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NaPoTraMo 1: Byrhtnoth’s Answer

April 1, 2010

For the first day of NaPoTraMo, I went back to a text I’ve been seeing quite a lot recently, as we’ve been reading it at the last couple of sessions of the Old English reading group: The Battle of Maldon.

It may originally have been much longer, but the bit we have preserved is the story of the titular battle between Vikings and Saxons, which was fought near the modern village of Maldon in AD 991. It begins with the two sides standing on opposite sides of a river, waiting for the tide to ebb so they can ford it, and shouting across at one another. First, a Viking messenger proposes that if the Saxons give them a lot of money, they’ll go away without a fight. Byrhtnoth, leader of the Saxons, responds as follows.

Then Byrhtnoth spoke, and, holding high his shield
Brandished his spear, and with resounding words
Gave him an answer ireful and unswerving:
“Do you hear, seaman, what these people say?
Your tribute we will give to you in spears,
In poisoned points and old ancestral swords,
Our war-gear will not help you in your battles.*
Go back again, seafarers’ spokesman, back;
Tell to your people this unwelcome tale
That, here, unbowed, the earl and company stand,
To here defend this homeland of my lord’s,
Athelred’s country, folk and fields both.
For surely shall the heathens fall in battle –
It were a shame you should return aboard
With but our treasures, and without a fight,
Now you have come so far into our land!
No, you shall not so simply win our treasures:
We shall with point and edge decide between us –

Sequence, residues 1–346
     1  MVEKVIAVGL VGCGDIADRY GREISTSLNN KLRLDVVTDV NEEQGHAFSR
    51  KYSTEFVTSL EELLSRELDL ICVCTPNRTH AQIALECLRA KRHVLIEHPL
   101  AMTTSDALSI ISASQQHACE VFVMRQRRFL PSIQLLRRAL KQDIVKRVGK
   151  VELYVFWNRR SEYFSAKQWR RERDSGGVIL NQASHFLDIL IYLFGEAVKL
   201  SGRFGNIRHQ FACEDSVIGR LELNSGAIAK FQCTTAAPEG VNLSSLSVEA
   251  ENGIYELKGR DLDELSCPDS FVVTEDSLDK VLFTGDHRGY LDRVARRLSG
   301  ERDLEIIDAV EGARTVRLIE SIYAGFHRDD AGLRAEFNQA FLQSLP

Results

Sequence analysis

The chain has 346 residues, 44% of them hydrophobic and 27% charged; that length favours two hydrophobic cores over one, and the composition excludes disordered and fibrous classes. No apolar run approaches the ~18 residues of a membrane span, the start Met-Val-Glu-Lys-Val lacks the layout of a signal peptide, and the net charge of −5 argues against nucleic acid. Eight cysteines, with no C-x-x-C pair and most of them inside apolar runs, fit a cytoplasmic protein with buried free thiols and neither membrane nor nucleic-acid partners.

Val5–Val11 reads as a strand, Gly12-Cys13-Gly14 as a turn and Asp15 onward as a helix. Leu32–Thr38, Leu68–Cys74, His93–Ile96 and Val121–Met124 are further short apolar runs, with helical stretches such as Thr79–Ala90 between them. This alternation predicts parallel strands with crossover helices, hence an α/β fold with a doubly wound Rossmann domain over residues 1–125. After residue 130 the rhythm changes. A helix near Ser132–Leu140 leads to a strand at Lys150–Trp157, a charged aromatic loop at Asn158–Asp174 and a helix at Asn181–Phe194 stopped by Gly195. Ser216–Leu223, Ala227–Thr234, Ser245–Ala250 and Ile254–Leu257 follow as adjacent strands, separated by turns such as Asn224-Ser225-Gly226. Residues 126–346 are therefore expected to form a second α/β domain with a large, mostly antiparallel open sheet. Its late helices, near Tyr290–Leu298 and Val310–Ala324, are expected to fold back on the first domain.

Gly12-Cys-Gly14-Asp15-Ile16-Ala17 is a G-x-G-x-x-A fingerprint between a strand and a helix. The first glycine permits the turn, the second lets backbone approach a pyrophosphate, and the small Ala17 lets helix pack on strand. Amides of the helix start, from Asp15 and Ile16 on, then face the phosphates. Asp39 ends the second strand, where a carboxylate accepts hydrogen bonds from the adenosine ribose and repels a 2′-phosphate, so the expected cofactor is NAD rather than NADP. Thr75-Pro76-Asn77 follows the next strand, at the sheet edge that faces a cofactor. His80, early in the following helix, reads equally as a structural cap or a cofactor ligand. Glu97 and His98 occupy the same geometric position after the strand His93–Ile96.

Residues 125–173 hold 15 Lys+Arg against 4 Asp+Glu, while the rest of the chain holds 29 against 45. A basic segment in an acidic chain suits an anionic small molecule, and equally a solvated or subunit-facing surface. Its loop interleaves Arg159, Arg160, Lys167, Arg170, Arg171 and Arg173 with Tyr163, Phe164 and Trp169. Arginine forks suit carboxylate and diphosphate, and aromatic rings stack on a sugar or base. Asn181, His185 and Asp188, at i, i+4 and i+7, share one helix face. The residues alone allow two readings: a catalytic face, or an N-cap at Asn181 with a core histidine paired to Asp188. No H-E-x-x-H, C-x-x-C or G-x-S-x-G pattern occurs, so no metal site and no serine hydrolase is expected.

Play the grim game of war – before we pay!

Translates ll. 42-62 of the Old English, available with notes and a minimal glossary here.

* Note to l. 48: in the Old English, Byrhtnoth is punning on the two senses of heregeatu ‘war-gear’: literally, stuff you wear/use in battle, and figuratively, a sort of inheritance tax/duty paid to a lord on the death of one of his retainers. It’s completely impossible to translate, so I’ve gone with rendering the literal sense only, as this still gives a half-decent line.

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One Comment leave one →
  1. Seamus permalink
    April 1, 2010 7:01 pm

    Good stuff! Interesting decision, to translate into blank verse rather than imitating the form of the original. An entirely fair choice, I think, and I imagine it was good fun knocking this version into shape. A good stentorian Shakespearean speech.

    Here’s my piece for the day; it’s also on Expectation, my heaven and dwellingplace (in fact while I’m here, I’ll link to it: http://expectationmyheavenanddwellingplace.blogspot.com/ )

    Parsifal

    Parsifal has vanquished the Girls, their gentle
    Babble, and sweet desire’s precipitous slope
    On which a virgin boy in wantonness may stoop
    To adore their swelling breasts, to love their gentle babble;

    He has vanquished fair Woman and her subtle charms,
    The grasp of her soft hands and her pale throat’s excitement;
    He has vanquished Hell and returns now to his tent
    With a heavy trophy in his boyish arms,

    With the spear that pierced the Flank of the Supreme!
    He has healed the king; see, he himself is king,
    Priest of the sacred Treasure, holy and essential.

    In robes of gold he kneels before the glorious Symbol,
    The vessel pure wherein the royal Blood is gleaming.
    —And O! those children’s voices, singing in the dome!

    —Verlaine

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